Government Censorship By Proxy?

Last week, I wrote about an unsuccessful challenge to the activities of the Office of Elections Cybersecurity within the California Secretary of State's office: Is The California Secretary of State Monitoring What You Publish Online?  In that case, O'Handley v. Weber, 2023 WL 2443073, the Ninth Circuit Court of Appeals found that the Secretary of State did not violate federal law when it notified Twitter of tweets containing false or misleading information that potentially violated the company's content-moderation policy.  

More recently, Judge Terry A. Doughty, who sits in the Western District of Louisiana, refused to dismiss claims for "alleged coercion by the Biden Administration and various government agencies and officials of social-media companies, urging those companies “to censor viewpoints and speakers disfavored by the Left".   In this memorandum ruling, Judge Doughty distinguishes O'Handley as follows:

More recently, in O'Handley v. Weber, No. 22-15071, 2023 WL 2443073 (9th Cir. Mar. 10, 2023), the United States Court of Appeals for the Ninth Circuit clarified the distinction between government expression and government intimidation. There, the California Office of Elections Cybersecurity (“OEC”), headed by the California Secretary of State’s office, flagged posts on Facebook and Twitter as erroneous or misleading social media posts. Id. at 3. The companies removed most of the flagged posts, leading the plaintiff to file suit alleging, among other things, violation of the First Amendment. Id. at 2. Noting the distinction between attempts to convince and attempts to coerce, the court stated that “government officials do not violate the First Amendment when they request that a private intermediary not carry a third party’s speech so long as the officials do not threaten adverse consequences if the intermediary refuses to comply.” Id. at 6 (citations omitted). Because the plaintiff failed to allege any threat or attempt at coercion aside from the takedown request, the court held that the plaintiff failed to allege state action through significant encouragement or coercion.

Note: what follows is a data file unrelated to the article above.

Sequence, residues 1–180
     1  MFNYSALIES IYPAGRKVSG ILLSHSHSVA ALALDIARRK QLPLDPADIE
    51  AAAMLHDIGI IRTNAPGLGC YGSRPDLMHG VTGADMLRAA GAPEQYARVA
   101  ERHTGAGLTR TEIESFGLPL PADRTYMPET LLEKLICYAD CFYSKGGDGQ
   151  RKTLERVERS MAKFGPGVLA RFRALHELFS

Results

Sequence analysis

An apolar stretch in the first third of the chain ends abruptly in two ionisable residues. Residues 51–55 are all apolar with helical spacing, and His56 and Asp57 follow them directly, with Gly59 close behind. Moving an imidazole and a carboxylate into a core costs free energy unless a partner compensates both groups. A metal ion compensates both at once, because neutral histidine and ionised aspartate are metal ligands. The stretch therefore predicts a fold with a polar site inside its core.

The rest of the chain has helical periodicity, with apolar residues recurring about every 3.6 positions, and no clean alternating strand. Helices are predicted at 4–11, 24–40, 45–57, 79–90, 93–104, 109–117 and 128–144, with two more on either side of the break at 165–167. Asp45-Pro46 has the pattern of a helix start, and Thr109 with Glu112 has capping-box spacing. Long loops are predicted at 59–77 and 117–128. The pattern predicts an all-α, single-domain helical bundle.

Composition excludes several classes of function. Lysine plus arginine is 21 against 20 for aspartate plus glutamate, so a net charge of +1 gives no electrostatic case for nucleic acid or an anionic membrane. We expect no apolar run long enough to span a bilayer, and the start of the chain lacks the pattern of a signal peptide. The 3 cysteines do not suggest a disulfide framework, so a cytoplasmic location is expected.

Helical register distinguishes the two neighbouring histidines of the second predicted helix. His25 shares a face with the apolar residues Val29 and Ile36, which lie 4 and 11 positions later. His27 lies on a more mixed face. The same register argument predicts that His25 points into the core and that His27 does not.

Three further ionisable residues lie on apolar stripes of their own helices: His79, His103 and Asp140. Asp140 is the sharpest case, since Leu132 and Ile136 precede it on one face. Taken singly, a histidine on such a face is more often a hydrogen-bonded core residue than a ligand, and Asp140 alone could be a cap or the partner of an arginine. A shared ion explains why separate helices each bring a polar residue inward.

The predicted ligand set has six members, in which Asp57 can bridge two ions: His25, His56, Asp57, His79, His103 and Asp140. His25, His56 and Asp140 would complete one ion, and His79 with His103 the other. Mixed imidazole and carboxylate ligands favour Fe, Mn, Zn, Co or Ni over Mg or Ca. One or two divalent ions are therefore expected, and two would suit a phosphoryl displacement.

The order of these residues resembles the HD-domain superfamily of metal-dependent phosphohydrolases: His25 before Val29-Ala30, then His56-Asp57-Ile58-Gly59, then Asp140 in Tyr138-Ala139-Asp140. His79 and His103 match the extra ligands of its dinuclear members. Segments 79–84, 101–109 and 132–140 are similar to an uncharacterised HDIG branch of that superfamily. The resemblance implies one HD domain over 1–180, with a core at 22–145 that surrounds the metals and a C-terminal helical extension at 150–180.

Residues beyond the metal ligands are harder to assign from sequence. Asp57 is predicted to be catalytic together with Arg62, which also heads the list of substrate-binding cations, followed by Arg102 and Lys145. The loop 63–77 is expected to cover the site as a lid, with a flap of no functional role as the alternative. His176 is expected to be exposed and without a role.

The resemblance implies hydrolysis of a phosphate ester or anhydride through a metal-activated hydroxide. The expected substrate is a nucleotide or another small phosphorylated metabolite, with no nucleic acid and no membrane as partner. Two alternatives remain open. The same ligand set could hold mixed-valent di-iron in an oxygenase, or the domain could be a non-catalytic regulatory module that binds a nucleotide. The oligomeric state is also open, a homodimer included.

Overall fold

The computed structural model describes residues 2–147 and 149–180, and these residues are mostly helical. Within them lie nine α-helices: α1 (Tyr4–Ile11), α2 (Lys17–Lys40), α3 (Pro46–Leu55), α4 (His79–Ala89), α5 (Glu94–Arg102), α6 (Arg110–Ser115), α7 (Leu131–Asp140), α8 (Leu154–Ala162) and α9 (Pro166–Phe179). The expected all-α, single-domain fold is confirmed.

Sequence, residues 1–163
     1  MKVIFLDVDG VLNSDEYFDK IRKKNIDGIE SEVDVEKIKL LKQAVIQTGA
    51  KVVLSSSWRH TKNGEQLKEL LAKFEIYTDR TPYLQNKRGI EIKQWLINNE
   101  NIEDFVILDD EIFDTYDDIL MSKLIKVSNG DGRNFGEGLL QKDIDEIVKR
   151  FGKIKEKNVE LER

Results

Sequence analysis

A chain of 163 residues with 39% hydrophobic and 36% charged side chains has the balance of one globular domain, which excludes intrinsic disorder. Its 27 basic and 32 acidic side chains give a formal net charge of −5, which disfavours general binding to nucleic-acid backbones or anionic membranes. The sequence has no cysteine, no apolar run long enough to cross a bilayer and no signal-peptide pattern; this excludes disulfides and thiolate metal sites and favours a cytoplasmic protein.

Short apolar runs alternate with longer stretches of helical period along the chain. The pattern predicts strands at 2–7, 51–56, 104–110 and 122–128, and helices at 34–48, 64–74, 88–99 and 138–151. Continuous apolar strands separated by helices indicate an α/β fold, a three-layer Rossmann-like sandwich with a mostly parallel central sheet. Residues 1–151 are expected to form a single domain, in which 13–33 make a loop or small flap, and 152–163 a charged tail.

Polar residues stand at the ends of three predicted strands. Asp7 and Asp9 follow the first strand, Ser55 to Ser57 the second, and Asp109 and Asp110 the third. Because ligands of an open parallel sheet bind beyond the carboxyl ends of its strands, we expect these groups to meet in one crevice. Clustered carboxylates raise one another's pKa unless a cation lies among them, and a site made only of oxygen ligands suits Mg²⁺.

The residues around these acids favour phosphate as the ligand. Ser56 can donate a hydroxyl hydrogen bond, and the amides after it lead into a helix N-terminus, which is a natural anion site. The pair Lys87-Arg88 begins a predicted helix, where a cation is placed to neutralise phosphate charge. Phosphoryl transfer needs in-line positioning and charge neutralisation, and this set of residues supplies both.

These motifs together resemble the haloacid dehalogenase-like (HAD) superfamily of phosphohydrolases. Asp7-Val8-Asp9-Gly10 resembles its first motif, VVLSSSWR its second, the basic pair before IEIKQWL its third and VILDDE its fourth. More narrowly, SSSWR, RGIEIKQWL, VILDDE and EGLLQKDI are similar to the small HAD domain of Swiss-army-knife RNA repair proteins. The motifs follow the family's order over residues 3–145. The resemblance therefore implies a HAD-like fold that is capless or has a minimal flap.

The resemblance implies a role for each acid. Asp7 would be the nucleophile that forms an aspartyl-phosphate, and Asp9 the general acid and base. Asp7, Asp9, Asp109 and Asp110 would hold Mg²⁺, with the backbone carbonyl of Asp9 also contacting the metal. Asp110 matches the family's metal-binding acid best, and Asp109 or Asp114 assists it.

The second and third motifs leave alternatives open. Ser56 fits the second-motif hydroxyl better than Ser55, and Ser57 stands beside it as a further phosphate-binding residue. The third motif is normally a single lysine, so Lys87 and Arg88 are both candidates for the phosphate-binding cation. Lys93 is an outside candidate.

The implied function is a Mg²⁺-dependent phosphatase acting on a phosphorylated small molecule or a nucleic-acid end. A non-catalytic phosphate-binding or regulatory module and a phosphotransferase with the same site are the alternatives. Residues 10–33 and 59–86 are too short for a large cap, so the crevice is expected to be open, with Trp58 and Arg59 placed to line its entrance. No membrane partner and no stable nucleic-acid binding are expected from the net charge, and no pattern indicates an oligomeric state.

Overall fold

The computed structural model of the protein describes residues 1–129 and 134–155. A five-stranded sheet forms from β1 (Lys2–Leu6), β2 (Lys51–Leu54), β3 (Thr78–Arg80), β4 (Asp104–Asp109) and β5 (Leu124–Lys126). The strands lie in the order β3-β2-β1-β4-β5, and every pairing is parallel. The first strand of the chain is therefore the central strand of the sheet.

Here, Plaintiffs have clearly alleged that Defendants attempted to convince social-media companies to censor certain viewpoints. (Footnote omitted)

Judge Doughty gave the following examples of some of the alleged threats made by the defendants:

Further, the Complaint alleges threats, some thinly veiled and some blatant, made by Defendants in an attempt to effectuate its censorship program. One such alleged threat is that the Surgeon General issued a formal “Request for Information” to social-media platforms as an implied threat of future regulation to pressure them to increase censorship. Another alleged threat is the DHS’s publishing of repeated terrorism advisory bulletins indicating that “misinformation” and “disinformation” on social-media platforms are “domestic terror threats.”  While not a direct threat, equating failure to comply with censorship demands as enabling acts of domestic terrorism through repeated official advisory bulletins is certainly an action social-media companies would not lightly disregard.  Moreover, the Complaint contains over 100 paragraphs of allegations detailing “significant encouragement” in private (i.e., “covert”) communications between Defendants and social-media platforms.  (Footnotes omitted)

If the defendants ultimately lose, the outcome of this case may simply be that the government will continue to suppress disfavored speech but will do so with seven veils instead of one.  It stands to reason that any request from a government agency might reasonably be perceived as including an implicit threat.  If the government asks, however nicely, companies may feel the pressure to accede if for no other reason than to stay in the good graces of law makers and regulators.